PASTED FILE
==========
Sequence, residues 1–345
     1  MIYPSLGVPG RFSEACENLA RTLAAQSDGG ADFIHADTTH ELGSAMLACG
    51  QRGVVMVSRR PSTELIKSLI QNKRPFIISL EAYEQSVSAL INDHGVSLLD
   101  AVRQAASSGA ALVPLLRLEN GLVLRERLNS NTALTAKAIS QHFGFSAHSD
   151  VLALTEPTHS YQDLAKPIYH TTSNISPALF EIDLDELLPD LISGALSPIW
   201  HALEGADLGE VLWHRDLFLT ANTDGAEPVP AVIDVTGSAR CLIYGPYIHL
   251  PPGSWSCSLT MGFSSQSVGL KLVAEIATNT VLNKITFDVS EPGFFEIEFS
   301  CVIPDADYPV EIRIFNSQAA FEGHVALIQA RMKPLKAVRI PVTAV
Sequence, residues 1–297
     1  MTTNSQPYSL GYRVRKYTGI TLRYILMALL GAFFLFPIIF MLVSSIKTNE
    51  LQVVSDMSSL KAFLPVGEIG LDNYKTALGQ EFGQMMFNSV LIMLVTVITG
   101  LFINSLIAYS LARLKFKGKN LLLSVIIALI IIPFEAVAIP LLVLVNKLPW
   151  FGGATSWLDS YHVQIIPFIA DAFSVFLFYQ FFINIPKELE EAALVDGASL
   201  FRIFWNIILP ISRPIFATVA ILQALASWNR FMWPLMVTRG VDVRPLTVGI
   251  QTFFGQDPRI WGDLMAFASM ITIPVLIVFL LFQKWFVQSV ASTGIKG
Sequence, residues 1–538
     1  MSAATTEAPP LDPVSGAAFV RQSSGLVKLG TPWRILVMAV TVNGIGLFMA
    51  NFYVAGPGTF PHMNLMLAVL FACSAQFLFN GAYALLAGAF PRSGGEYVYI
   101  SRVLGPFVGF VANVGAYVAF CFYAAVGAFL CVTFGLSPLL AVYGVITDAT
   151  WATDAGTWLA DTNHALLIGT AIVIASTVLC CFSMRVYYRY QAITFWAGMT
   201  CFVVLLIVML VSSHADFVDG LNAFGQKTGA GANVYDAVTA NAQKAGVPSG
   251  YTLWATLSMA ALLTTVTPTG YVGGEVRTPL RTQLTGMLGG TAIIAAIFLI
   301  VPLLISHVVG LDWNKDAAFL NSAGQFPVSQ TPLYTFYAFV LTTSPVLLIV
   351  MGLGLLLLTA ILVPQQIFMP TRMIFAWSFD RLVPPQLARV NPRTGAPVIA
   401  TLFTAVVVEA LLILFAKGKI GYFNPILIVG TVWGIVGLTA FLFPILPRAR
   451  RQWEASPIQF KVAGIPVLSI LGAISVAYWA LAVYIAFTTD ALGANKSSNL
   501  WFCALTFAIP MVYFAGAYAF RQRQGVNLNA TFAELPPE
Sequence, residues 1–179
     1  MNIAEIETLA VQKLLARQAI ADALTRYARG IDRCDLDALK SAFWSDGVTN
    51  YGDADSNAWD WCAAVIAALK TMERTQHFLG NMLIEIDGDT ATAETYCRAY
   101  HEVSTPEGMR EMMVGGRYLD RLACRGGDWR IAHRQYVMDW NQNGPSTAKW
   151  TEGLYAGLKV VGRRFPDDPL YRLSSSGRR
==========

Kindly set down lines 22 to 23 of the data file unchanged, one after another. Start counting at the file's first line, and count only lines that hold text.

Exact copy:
   251  YTLWATLSMA ALLTTVTPTG YVGGEVRTPL RTQLTGMLGG TAIIAAIFLI
   301  VPLLISHVVG LDWNKDAAFL NSAGQFPVSQ TPLYTFYAFV LTTSPVLLIV